The Fashionistas (2002)

Simple nesting, seduction into the dark side and overt irony.

One category of folding is a bit slippery. The device is simple: a film makes fun of viewer appreciation of a certain quality, and in doing so uses that very quality against the viewer.

A good example is the ‘dumb comedy’ movie where we start out making fun of the jokes, but get swept up in the humor. A sensitive introspective viewer can really get upset by this because he creates a class of undesirable beings and is then tricked into joining that class.

We see it in some modern 'adventure' films, where the violence is presented as comic, even silly but still we have it in excess and by the time the film is over we have accepted the thrilling ride. A twist is when a villain is made accessible and then does something horrible.

And we see it a lot with sex. A common trope in romantic comedies is to have a guy that we judge being unacceptably obsessed with women, or nudity or the chase. But by the end we discover that much of our pleasure has come from those very experiences.

In the survey of folding types, I call this Exploitation Irony.

This film is an example using sex. You wouldn't come to this unless you were attracted to extremes, and what most would call perversion. (There is a lot of bondage, violent sex, anal insertion and latex suits.) It cleverly presents itself as parody, however, so the timid viewer can enter with some distance and venture as far as he/she wishes.

In fact, much of the allure is that this is on the other side of a line you would not cross — but of course you do in the watching, assuming you are the target viewer.

The story construction is also folded; I believe this was deliberate and used to increase the effect of the engagement just noted.

The thing itself is a show, which most people would presumably watch on DVD. Within this is a (fashion) show, an ordinary fashion show presented very much as a performance. Within that — as the show gets hijacked by bondage babes — is the erotic fashion show. This is merged by some plotwork into DVDs within the DVD.

Within and without these inner DVDs is our main character, Jesse.

Ted's law clearly holds here, where the distance between ordinary life and the fantasies of ordinary hard core porn are treated as the same distance between ordinary porn and the extremes presented here.

The model for this film is clearly 'A Clockwork Orange,' including the punishment training of enforced watching, and the emphasis on performance lives through style. An interesting covalent plot device is a ‘chameleon’ line of clothes that start one way and shift levels.

It is over 4 1/2 hours long.

The Sexual Adventures of Little Red (2007)

A complex adaptation of Red Riding Hood and its slow shifts in agency.

This is from the Prague team of Max Candy and Louis Moire, and I believe is distributed by the artcore guy Michael Ninn.

As it happens quite by accident, our study in narrative dynamics uses as an example a retelling of the story of Red Riding Hood. So I know more about the dynamics of the story and its variants than the average guy.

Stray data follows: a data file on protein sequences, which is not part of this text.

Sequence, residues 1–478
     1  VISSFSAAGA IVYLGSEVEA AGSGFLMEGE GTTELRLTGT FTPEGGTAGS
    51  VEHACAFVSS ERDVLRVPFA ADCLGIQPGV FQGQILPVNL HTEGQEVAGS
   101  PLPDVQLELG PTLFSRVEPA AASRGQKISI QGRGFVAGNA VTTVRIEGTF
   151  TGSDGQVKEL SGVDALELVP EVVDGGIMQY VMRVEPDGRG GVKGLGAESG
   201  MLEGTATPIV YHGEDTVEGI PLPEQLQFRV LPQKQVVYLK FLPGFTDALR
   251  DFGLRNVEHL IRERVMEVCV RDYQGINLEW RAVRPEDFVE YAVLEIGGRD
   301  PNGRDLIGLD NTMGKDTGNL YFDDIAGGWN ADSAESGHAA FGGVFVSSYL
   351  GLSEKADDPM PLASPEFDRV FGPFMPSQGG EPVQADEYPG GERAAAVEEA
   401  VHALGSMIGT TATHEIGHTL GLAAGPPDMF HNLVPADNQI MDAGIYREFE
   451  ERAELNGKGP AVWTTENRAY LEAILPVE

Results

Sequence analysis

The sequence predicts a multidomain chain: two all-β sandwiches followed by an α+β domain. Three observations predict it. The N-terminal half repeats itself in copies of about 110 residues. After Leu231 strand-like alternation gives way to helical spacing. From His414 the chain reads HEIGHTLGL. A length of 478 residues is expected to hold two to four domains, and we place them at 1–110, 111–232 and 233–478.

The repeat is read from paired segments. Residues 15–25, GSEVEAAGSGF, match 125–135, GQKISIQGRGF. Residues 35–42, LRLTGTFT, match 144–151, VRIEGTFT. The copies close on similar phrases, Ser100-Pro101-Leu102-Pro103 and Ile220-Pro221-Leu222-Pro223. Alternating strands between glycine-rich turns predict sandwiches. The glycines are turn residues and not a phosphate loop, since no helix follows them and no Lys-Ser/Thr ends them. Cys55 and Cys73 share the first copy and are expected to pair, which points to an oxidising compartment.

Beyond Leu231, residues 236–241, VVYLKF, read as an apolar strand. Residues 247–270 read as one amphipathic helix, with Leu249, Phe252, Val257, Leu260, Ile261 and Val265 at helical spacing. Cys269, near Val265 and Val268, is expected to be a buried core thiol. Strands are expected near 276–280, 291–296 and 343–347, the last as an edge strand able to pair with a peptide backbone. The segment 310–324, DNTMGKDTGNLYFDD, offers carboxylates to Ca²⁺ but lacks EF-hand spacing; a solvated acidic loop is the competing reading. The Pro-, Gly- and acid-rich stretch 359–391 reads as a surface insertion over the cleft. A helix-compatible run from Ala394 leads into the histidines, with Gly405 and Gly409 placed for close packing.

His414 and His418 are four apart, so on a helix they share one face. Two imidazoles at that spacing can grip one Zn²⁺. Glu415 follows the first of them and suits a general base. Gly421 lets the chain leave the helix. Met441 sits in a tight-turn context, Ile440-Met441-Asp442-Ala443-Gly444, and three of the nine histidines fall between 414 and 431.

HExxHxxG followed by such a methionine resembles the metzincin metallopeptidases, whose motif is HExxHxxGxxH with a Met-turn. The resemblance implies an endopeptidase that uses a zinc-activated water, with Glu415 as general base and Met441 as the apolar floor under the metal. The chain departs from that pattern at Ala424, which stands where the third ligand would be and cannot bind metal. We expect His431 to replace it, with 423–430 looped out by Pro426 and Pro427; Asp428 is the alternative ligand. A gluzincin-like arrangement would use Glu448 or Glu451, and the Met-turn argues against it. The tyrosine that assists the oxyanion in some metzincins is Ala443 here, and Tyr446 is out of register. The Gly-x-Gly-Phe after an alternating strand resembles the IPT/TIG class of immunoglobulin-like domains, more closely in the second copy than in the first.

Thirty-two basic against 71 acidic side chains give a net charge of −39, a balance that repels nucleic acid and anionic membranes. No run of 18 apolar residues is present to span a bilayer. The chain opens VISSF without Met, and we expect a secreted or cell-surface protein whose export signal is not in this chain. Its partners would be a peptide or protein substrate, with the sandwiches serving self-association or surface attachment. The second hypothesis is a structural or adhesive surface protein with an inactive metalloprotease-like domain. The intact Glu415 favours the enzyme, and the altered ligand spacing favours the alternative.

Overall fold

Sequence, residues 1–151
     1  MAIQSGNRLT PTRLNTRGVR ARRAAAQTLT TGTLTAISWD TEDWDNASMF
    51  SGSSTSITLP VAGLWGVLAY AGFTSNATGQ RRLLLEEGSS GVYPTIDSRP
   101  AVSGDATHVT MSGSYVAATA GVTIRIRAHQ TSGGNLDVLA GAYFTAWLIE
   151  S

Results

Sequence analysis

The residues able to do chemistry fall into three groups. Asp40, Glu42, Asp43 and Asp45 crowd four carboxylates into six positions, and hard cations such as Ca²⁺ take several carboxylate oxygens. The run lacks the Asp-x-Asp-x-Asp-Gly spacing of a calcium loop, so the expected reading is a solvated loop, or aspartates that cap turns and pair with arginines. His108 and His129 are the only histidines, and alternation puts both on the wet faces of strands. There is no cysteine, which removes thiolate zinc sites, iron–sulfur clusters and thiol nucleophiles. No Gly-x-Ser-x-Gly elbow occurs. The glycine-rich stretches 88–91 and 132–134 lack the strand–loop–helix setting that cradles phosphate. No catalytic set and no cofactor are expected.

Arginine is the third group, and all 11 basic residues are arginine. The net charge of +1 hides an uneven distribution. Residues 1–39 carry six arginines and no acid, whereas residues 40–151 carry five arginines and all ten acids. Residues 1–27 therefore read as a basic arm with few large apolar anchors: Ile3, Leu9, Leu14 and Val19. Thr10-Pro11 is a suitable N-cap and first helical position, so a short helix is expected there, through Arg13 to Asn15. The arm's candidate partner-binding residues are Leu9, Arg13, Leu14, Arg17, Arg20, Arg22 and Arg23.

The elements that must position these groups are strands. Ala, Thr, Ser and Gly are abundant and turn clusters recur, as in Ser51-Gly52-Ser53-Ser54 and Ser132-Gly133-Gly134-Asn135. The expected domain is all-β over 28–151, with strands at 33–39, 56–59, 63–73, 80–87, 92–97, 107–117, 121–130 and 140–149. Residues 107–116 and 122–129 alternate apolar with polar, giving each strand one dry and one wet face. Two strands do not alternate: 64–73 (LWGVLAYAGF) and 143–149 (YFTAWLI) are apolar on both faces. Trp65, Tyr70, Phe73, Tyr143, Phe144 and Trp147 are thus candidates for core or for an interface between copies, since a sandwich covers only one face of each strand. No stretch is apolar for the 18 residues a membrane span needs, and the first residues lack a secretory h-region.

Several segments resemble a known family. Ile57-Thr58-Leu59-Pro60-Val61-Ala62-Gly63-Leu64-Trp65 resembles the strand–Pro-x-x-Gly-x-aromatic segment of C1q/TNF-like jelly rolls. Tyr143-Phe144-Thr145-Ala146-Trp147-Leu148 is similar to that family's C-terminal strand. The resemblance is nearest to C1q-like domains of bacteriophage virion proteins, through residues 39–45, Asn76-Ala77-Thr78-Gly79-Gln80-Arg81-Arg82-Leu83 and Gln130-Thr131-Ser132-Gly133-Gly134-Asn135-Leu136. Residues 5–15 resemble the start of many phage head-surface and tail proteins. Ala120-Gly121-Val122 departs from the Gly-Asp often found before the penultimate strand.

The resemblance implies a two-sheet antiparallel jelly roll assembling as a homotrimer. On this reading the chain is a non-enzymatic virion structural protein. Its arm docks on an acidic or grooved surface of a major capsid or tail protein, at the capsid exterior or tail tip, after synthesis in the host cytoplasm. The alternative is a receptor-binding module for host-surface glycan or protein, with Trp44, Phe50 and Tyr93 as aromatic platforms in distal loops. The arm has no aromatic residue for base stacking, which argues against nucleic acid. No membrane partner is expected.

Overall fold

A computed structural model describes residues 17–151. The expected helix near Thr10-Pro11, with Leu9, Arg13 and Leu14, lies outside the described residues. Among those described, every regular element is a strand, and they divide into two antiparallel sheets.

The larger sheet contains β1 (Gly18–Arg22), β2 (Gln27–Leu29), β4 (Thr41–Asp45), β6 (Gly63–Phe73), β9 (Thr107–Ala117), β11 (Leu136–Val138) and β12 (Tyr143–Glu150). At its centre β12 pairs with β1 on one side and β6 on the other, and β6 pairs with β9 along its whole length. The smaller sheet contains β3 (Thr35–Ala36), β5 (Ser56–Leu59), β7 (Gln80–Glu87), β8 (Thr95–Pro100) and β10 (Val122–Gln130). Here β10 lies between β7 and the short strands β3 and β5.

The opening credits feature this poem:

From this short story we discern, What all young people ought to learn

Ladies fair orient rosy blooms appear, They are beauties in the fragrant spring air!

Sad do they listen to all sorts of tongues, Like some enchanting syren's song

So many of them has the wolf devour'd, The wolf, I say for wolves with powers

Of every sorts, and every characters, Some of them mild and gentle humored , Tamed, familiar, full of compliance

With language wondrous sweet, Following young ladies as they walk the street

Ev'n to their very houses and bedside, There, in their true design they artful hide

Yet, these simpering wolves who do not see, All beauties, dangerous in fact to be.

...which is a retranslation of Charles Perrault's 250 year old poem about the moral of the fairy tale. The adaptation in the film subtly reorients the danger from the wolf to the danger of sex in woman. The subtle change matters. Here is the end of the original:

...Follow young ladies as they walk the street,

Ev'n to their very houses, nay, bedside, And, artful, tho' their true designs they hide;

Yet ah! these simpering Wolves! Who does not see, Most dangerous of Wolves indeed they be?

Cool shift, huh? There was a very intelligent writer involved in this one. So it starts out as a new story folded on top of the one we know. The plot is a sort of groundhog day, patterned after 'Run Lola, Run,' where the same events are repeated with some variation (because the girl learns) and are extended. So each repeat takes the story further, but dynamically changing the version we saw before.

Our central character is Red (who does not have red hair). She is a new runner, a mule delivering some sort of package for the fairy godmother, a sort of mafia godfather. Each time the story resets, Red loses a petal from her flower tattoo, a sort of 'loves me, loves me not' quantum shifting that indicates the lives remaining. (We learn late in the story that the wolf has a similar tattoo.)

Each repeat of her trip involves a new sexual encounter that prevents her from completing the run. She recalls the past versions so is able to avoid the past diversions. (But the wolf learns as well.)

As the episodes repeat, the story changes its nature from having the wolf as the threat to having the sex of the woman as the threat. This occurs by her awakening her sexuality and taking agency of the story.

Although the sex is as you would expect: formulaic by Europorn standards, the narrative construction is worthy of Charlie Kauffman. You can't really watch this and not appreciate the art from the writer.

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© copyright Ted Goranson, 2012